Fiat Chrysler (FCA) and PSA Group, the Peugeot maker, have announced they will merge. The deal will create a $50 billion car giant – the fourth largest in the world. According to the official announcement, the companies “agreed to merge 50-50 between them”.
The two boards of directors have approved negotiating teams to summarize the final details of the merger.
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Through the merger, the two giants will be able to share the cost of developing electric and autonomous cars. Their joint purchasing power will allow them to save money. “The combined entity”, the statement said, “would leverage its strong global R&D footprint and ecosystem to foster innovation and meet challenges in connected, electrified, shared and autonomous mobility, with speed, and capital efficiency.”
By the time the deal is completed, Fiat Chrysler will pay shareholders € 5.5 billion in a special dividend, giving them shares in the subsidiary Comeau, which deals with robotic systems. In addition, Peugeot will give its shareholders 46% of the spare parts manufacturer Faurecia.
The 4th largest global OEM will sale 8.7 million vehicles, with combined revenues of nearly €170 billion1 and recurring operating profit of over €11 billion on a simple aggregated basis of 2018 results excluding Magneti Marelli and Faurecia.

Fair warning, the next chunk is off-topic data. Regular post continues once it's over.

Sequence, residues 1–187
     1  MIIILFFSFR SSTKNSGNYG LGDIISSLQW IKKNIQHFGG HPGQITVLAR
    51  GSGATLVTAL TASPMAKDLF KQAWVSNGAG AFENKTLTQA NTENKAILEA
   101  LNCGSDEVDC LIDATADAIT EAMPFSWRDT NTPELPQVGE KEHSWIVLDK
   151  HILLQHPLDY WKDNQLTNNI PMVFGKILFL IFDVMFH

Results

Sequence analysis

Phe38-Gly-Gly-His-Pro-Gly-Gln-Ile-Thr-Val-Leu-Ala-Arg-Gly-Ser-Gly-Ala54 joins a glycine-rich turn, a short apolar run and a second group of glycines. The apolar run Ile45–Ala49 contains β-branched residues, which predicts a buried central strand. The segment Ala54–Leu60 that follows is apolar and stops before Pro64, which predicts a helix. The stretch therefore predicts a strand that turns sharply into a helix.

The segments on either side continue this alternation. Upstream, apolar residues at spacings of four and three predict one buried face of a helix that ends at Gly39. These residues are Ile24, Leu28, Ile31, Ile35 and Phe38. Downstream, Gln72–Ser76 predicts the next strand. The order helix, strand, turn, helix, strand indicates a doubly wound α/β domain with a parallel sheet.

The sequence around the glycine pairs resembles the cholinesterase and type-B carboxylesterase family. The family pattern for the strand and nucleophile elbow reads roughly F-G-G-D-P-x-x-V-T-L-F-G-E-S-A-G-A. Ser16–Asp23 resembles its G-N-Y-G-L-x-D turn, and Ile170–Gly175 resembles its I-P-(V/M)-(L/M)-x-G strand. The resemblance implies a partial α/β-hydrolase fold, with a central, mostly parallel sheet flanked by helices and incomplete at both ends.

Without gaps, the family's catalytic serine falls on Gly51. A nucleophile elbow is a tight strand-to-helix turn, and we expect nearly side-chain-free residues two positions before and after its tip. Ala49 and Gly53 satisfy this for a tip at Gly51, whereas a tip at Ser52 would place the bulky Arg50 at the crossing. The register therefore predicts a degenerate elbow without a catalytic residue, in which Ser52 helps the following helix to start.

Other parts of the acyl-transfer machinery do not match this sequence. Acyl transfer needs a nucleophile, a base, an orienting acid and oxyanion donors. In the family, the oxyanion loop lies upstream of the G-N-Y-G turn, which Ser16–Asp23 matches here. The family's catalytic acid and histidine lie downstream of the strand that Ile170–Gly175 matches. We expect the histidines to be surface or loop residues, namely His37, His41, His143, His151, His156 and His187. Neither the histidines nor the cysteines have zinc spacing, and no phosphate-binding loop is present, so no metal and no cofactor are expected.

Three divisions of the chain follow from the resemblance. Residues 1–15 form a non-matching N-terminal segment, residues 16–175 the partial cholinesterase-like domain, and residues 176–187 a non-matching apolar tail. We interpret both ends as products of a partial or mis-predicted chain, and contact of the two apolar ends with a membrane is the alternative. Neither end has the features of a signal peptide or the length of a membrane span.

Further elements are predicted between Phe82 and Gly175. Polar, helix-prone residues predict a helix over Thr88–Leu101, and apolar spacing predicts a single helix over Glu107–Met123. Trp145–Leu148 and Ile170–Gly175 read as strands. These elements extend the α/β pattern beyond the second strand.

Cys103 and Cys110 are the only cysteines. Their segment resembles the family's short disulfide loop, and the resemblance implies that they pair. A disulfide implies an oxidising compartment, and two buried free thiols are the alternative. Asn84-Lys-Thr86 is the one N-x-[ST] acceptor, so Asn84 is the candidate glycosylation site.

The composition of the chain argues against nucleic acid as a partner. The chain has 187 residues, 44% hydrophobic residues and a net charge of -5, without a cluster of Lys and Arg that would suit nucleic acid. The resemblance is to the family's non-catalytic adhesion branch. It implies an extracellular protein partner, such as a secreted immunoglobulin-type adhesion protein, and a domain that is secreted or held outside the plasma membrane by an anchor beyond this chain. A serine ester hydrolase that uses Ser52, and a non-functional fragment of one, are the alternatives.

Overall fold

The significant value accretion resulting from the transaction is estimated to be approximately €3.7 billion in annual run-rate synergies derived principally from more efficient activity.
It is projected that 80% of the synergies would be achieved after 4 years. The total one-time cost of achieving the synergies is estimated at €2.8 billion.
Fiat Chrysler, or FCA Group, headquarters is in Amsterdam, while Groupe PSA is based in Paris. The merged company, to be based in the Netherlands, will own the Fiat, Chrysler, Maserati, Dodge, Alfa Romeo, Ram, Peugeot, DS, Citroën, Opel and Vauxhall brands. It will be listed in New York, Paris, and Milan.
The proposed merger comes several months after Fiat abandoned a merger proposal with rival Peugeot – French Renault. The deal collapsed after Fiat failed to win backing from the French government, which owns many Renault shares, and its partner Nissan Motor. Fiat did not rule out the possibility of resuming talks with Renault.
France’s Finance Minister Bruno Le Mer welcomed the deal, saying it would allow both companies to invest in green technologies and meet the challenges in the field.